With the Environment Commission well and truly buried, all eyes are now on the Low Carbon Hub which is tasked with delivering Greater Manchester’s Climate strategy
After a shock announcement that the Environment Commission is no more, MCFly got in touch with the Association of Greater Manchester Authorities (AGMA) to find out why. An AGMA spokesperson informed us that since May 2012, when Dave Goddard -its first and only chair – lost his council seat in the local elections, the commission had lacked political leadership and had been under review.
The spokesperson added that leader of Manchester City Council, Richard Leese, has now taken an interest and will incorporate the commission’s work into the Low Carbon Hub, if the proposed plans are accepted at this Friday’s AGMA/GMCA executive meeting.
The work of the EC will be “streamlined” into the Low Carbon Hub’s work and these changes were about “improving management.” The spokersperson added that the changes to the EC are not unique as all the 5 AGMA commissions are currently under review.
The Low Carbon Hub, which was announced in March 2012, is part of the ‘Deal for Cities’ for Manchester which included the Green Investment Bank initiative. The Deal for Cities is part of a Central Government strategy to encourage economic growth in cities. According to the AGMA report which will be presented this Friday, the Hub will have four primary aims:
• Realising the economic opportunities associated with transition to a low carbon economy;
• Supporting Greater Manchester’s 48% carbon reduction target by 2020;
• Increasing awareness and understanding leading to behavioural change; and
• Preparing Greater Manchester to adapt to the unavoidable effects of climate change.
Richard Leese has been selected to chair the Low Carbon Hub Board with various members from the Environment Commissoin finding a place at the Hub. That includes the Cooperative Group, Roger Milburn from ARUP, Manchester Airport, Anne Selby from the Merseyside Wildlife Trust, Neil Swannick. The report also hinted that the implementation plan for the GM Climate Change Strategy, which the Environment Commission insisted would be published imminently, was nowhere near completion:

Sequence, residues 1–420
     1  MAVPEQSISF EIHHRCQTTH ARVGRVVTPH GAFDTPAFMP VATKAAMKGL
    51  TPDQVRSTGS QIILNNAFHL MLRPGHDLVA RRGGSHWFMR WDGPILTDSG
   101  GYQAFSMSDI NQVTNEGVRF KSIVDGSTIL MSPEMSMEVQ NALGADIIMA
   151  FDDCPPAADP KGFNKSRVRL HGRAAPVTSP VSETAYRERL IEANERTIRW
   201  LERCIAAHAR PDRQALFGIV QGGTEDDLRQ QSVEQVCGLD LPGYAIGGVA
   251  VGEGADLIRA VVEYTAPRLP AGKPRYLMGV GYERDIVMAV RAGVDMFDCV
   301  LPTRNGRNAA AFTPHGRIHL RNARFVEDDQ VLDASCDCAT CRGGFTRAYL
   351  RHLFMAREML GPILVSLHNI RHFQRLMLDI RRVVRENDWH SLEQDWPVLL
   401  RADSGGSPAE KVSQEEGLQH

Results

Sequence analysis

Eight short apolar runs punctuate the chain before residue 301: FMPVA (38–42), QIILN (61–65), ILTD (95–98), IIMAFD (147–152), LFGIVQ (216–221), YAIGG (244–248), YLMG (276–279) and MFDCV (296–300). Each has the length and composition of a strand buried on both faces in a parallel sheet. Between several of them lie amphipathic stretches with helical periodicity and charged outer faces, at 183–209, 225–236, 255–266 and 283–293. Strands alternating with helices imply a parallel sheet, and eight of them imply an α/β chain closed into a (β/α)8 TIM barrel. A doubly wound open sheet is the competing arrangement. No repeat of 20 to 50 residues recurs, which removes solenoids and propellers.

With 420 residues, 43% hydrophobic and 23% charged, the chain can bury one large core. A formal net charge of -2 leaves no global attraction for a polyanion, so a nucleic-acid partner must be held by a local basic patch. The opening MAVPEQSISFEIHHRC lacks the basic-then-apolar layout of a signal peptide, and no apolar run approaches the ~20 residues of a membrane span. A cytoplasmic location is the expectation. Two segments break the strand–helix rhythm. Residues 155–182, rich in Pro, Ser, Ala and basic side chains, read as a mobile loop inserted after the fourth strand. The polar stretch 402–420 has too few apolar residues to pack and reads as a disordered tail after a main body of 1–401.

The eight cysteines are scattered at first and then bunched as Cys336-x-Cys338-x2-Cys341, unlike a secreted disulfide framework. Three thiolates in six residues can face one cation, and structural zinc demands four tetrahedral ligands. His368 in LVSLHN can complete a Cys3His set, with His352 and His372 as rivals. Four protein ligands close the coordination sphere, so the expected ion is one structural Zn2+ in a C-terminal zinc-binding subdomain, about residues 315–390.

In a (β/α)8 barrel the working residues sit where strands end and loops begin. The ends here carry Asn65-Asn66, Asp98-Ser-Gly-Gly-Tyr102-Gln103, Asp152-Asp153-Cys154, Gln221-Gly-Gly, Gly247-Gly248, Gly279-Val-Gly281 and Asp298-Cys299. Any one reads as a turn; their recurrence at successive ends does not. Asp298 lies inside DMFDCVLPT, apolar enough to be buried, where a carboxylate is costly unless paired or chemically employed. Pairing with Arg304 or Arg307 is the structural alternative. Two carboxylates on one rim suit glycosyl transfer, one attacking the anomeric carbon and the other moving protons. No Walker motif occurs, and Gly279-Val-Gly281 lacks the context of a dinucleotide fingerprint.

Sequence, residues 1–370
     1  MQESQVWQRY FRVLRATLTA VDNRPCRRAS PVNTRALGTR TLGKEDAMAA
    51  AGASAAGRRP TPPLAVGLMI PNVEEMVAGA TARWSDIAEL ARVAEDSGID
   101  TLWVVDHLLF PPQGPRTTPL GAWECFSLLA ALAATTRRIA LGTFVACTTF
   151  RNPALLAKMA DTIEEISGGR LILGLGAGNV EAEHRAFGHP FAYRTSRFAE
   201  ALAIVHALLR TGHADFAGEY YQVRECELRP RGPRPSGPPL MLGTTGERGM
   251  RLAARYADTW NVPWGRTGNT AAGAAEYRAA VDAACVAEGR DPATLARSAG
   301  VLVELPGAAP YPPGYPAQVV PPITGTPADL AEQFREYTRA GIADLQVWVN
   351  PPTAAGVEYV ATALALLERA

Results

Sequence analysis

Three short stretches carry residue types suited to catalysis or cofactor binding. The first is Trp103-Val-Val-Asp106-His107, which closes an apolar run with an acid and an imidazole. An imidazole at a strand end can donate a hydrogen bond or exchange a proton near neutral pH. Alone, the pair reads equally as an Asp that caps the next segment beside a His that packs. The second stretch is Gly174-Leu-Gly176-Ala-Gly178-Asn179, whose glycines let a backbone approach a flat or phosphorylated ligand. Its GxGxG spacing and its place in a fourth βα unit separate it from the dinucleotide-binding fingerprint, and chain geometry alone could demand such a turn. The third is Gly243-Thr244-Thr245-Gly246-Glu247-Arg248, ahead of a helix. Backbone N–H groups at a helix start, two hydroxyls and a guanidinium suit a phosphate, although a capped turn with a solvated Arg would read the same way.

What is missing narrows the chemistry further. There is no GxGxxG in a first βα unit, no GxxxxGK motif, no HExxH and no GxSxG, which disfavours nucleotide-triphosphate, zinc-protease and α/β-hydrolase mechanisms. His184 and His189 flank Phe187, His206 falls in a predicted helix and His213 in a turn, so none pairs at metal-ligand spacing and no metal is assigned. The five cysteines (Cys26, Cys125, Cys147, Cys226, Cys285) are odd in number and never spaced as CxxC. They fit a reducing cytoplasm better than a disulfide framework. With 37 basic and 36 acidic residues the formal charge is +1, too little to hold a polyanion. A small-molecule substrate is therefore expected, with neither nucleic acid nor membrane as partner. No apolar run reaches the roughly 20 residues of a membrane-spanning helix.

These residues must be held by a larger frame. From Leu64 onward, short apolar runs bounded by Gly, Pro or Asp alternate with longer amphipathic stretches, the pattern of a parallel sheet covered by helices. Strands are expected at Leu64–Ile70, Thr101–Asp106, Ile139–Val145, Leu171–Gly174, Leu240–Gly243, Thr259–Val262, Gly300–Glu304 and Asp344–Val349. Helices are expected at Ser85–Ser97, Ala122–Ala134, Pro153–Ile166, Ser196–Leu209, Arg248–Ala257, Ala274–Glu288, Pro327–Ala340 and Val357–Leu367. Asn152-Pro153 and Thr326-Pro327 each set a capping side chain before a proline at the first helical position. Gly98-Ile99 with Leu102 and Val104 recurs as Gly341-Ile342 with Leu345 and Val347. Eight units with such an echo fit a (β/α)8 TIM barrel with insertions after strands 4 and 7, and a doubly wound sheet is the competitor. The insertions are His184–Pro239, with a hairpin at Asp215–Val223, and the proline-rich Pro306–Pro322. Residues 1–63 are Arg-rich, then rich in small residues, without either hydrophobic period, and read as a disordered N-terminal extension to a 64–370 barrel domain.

“The Low Carbon Hub offers the opportunity to jointly devise a climate change implementation plan for Greater Manchester aimed at setting a pathway towards achieving our 48% carbon reduction target by 2020… It is proposed that the Low Carbon Hub Board will be responsible, on behalf of the GMCA/AGMA Executive Board, for developing and putting in place the delivery arrangements for Greater Manchester’s Climate Change Strategy and other environmental priorities.”
MCFly says: As another organisation dies a quiet death and a shiny new one is launched, I can’t help but feel skeptical. For one, I am so report-weary at the moment and that is all that ever seems to come out of Greater Manchester when it comes to climate change. So until the Low Carbon Hub actually does something, I won’t be cheering them on from the sidelines. Typically, the agenda item report also failed to admit that the EC has been something of a failure. The writers of these reports seem either unwilling, or perhaps unable to look into how they could avoid making the same mistakes. In the absence of this reflection, what’s to prevent today’s Hub being replaced by a Commission in three years time?
- Newsflash*: The Environment Commission is dead. Long live the… “Low Carbon Hub.” (manchesterclimatemonthly.net)
- GM Climate Change Implementation Plan Delay is ‘Strategic’ (manchesterclimatemonthly.net)